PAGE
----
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Shopping Secrets of the East

A design team searched stores in five Asian cities to find everything from Buddhas to chopsticks for a new Washington, D.C., restaurant.

When the three partners of the Washington, D.C., seafood restaurant DC Coast--owners Gus DiMillo and David Wizenberg and executive chef Jeff Tunks--decided to create a great Asian restaurant, they knew that a trip to the Far East was essential. Not only did they want to sample dishes to get inspiration for the menu but they also thought they could find one-of-a-kind decorative items at bargain prices--all without knowing a word of any language other than English. "We figured everyone would understand 'I'll take it' very well," DiMillo jokes.

They gave themselves three weeks abroad to find ideas, tableware, furniture and antiques. Armed with a checkbook and escorted by interior designer Walter Gagliano, who had also worked on DC Coast, and Aline Ho, a Vietnam-based designer who advised on purchase and export matters, they went on a whirlwind shopping spree in five cities--Bangkok, Hong Kong, Ho Chi Minh City, Macao and Singapore--and got nearly everything they needed.

"We definitely exceeded our expectations," says Tunks, who oversees both DC Coast and the new TenPenh (an Asian-sounding reference to the corner of 10th Street and Pennsylvania Avenue, where the restaurant will be located). "I gained at least 10 pounds," he explains. And though Tunks calculates that they spent more than $40,000 on the trip, he also estimates they saved the same amount by buying everything abroad.

Their first stop, Bangkok, was the most fruitful. At the Jim Thompson Thai Silk Company, a luxurious, Western-style fabric showroom that also has outposts in Paris and Los Angeles, the TenPenh group found both raw materials and conceptual fodder. "We weren't really thinking about upholstering the walls and banquettes in silk," DiMillo recalls, "but when we saw all these brilliantly colored silks with faint Asian motifs, we fell in love." They chose a red fabric with a leaf pattern in gold to line the walls of a private dining room and a gold-and-green-striped silk to cover the banquettes in the bar.

The TenPenh team ordered their flatware--a modern pattern in hammered-bronze, with knives shaped like traditional Thai swords--at Thai Home Industries, a home-furnishings store behind the Oriental Hotel, where they stayed. Though they had thought that little, out-of-the-way places would have the most unusual designs, they found that major outlets, such as Thai Home Industries, had not only the broadest selection but also the best quality.

At Fook Hin, a smaller store nearby with a more rarefied selection, they found mother-of-pearl hors d'oeuvre spoons for about a dollar each--far less than the $18 DiMillo had been quoted at stores stateside. And though they didn't want to buy anything as obviously Asian as a statue of Buddha, a 19th-century example at the Lek Gallery had such a subtly worn gold patina that they couldn't resist. At another antiques shop, Princess Collection, they found an unusual 17th-century Burmese wooden statue of two men posed to carry a metal gong (it will be installed in an alcove, as will the Buddha, out of the reach of children).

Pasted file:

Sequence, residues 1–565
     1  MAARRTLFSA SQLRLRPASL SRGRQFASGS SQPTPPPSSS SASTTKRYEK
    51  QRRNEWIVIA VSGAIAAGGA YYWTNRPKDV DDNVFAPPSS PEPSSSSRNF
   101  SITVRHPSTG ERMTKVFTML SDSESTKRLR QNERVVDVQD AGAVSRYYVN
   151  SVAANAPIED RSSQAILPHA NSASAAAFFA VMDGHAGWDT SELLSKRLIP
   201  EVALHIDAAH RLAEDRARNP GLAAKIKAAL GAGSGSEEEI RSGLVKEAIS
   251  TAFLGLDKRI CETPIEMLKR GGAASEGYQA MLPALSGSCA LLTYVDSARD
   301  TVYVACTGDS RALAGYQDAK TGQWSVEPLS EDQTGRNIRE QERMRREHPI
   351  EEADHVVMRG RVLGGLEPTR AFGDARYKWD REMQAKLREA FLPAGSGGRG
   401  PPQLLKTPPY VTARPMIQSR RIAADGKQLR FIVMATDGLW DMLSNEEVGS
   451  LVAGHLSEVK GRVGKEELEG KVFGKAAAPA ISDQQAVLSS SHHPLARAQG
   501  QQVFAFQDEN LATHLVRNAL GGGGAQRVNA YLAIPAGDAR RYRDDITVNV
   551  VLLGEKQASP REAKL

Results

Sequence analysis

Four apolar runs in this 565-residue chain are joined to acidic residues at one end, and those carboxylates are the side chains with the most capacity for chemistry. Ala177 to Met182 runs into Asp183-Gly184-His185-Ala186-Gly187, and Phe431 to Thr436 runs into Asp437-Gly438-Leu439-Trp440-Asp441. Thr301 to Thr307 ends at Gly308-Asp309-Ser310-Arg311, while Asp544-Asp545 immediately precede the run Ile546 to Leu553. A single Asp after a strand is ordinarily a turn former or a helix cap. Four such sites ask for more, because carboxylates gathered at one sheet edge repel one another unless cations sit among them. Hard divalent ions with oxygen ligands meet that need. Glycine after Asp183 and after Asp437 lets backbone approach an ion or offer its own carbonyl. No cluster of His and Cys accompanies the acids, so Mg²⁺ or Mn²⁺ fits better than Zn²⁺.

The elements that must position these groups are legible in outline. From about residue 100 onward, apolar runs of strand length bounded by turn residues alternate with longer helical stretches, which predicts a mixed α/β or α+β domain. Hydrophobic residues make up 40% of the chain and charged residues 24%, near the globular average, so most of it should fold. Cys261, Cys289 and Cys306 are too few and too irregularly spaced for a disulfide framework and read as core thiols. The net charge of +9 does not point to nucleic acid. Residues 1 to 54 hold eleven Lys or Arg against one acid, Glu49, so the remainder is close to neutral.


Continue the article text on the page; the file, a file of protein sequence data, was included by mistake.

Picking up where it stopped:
In Hong Kong, they went to Wah Tung China because the Ritz-Carlton concierge told them the hotel has a lot of its china custom-made there. The owners of TenPenh decided to do the same. "We couldn't believe you could basically just create your own pattern," DiMillo says. "I'd never seen so many options." After spending hours matching shapes with glazes, they settled on the china, including celadon rice bowls, crimson bowls for noodle soups (with holes to hold chopsticks) and matte black mugs.

Their trip to Macao led them to an unusual purchase. "We went to this temple, and hanging from the ceiling were all these incense coils," says Gagliano. When they got to Ho Chi Minh City, they bought several dozen coils at Nguyèn Frères, a flea market like store filled with both antiques and reproductions, to decorate TenPenh's ceiling. Nguyèn Frères was also their source for carved teak floor lamps with pumpkin silk shades, suede lounge chairs and bamboo place mats, all of which were customized for the restaurant.

The Old Saigon district of Ho Chi Minh City may look historic, but that's where the TenPenh team got a taste of modern Asia. Inspired by a teak dining chair at the ritzy Shanghai Tang boutique in Hong Kong, DiMillo and Gagliano went to Creative Design Curtain Design, a furniture shop seemingly unchanged since the 1930s, and asked if the chair could be retooled with a taller, more arched back and a mix of light and dark woods. "A young guy turns around and opens up an old armoire in the corner and there's his computer," Gagliano reports. "He takes our drawing, manipulates it here and there, and in a couple of seconds he's got the exact chair we want."

The culmination of all this work will be on display this month when TenPenh opens and begins serving dishes, such as Saigon crêpes and squid salad, inspired by this journey. And not a moment too soon. "My garage has been filled with 10,000 chopsticks," Tunks says. "I'll be glad to get the space back."

David Colman writes often about design, fashion and art for Harper's Bazaar.

Published July 2000
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